Officials Tout U.S. Anti-Terrorism Record
Thursday, May 25, 2006
Two senior Bush administration officials defended the government's anti-terrorism record in separate venues yesterday, saying that the Justice Department and other agencies have been highly successful in thwarting terrorist attacks at home and abroad.
Deputy Attorney General Paul J. McNulty, in a speech at the conservative American Enterprise Institute in Washington, said the Justice Department has "developed a strong record of success in the war against terrorism" -- citing prosecutions against admitted al-Qaeda conspirator Zacarias Moussaoui and other defendants around the country since the Sept. 11, 2001, attacks.
In a separate meeting with editors and reporters at The Washington Post, Homeland Security Secretary Michael Chertoff said the government has made "a significant amount of progress" in guarding against cataclysmic attacks and more limited operations, such as the Madrid commuter train bombings.
But Chertoff added that it "would be very, very hard to detect" a "lone wolf" terrorist, who trains and plans alone before carrying out an attack.
"The hardest thing to determine is the purely domestic, self-motivated, self-initiating threat from the guy who never talks to anybody, just gets himself wound up over the Internet," Chertoff said.
The comments from Chertoff and McNulty came during a period of renewed debate over the efficacy of the criminal justice system in prosecuting and preventing terrorism.
Moussaoui, who pleaded guilty to conspiring with al-Qaeda, was sentenced to life in prison this month after a jury in U.S. District Court in Alexandria declined to sentence him to death. The Supreme Court is also expected to issue an opinion on the legality of the military commissions set up to try terrorism suspects.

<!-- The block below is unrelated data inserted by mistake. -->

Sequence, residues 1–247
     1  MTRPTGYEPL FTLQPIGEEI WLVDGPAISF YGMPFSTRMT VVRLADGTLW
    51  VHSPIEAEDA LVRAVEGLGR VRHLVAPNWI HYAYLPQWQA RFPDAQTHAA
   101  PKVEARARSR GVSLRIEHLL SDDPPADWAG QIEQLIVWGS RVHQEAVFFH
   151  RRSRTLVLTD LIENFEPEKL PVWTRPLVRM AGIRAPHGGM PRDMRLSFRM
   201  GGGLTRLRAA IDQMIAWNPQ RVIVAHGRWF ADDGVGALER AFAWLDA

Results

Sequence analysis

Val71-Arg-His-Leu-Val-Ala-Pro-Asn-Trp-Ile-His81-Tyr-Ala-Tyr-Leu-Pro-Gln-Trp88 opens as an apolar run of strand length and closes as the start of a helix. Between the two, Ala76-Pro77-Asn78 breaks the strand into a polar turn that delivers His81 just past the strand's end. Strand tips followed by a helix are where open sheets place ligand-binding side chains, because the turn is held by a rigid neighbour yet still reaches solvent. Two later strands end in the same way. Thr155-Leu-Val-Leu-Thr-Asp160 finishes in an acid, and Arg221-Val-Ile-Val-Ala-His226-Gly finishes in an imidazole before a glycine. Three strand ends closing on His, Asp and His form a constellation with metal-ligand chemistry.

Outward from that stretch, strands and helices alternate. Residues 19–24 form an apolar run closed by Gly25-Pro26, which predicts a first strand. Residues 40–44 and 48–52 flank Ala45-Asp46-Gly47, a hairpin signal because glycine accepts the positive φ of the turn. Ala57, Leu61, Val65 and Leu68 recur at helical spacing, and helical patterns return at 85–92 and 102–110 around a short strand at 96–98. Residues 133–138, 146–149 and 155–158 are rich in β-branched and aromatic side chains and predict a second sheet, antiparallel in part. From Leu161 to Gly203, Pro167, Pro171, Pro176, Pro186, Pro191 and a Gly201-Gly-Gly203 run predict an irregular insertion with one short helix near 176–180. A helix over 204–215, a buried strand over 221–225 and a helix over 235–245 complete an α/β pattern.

McNulty said in response to a question from the audience that "I'm not here to signal anything one way or the other" on whether the Justice Department has plans to conduct criminal trials for al-Qaeda suspects in U.S. military custody, such as Sept. 11 mastermind Khalid Sheikh Mohammed.
But McNulty made clear in his other remarks that he believes the criminal courts have been a useful tool for federal prosecutors and the FBI in preventing suspected terrorists from furthering their plans, even if many cases have ended with mixed results or acquittals.
"This higher risk of acquittals is one we acknowledge and accept," McNulty said.
McNulty also revived the use of terrorism statistics compiled by the Justice Department that have been called into question in the past. He said prosecutors have secured 253 convictions against 435 defendants in terrorism-related cases with a "clear international connection."
The Post reported in June 2005 that, according to a computer analysis of an earlier version of the same Justice records, most defendants were charged with minor crimes unrelated to terrorism and nearly half had no demonstrated connection to terrorism or terrorists.
McNulty said prosecutors often needed to use minor crimes, such as immigration violations or fraud charges, as a way to charge suspects who posed a potential threat.
Staff writer Spencer S. Hsu contributed to this report.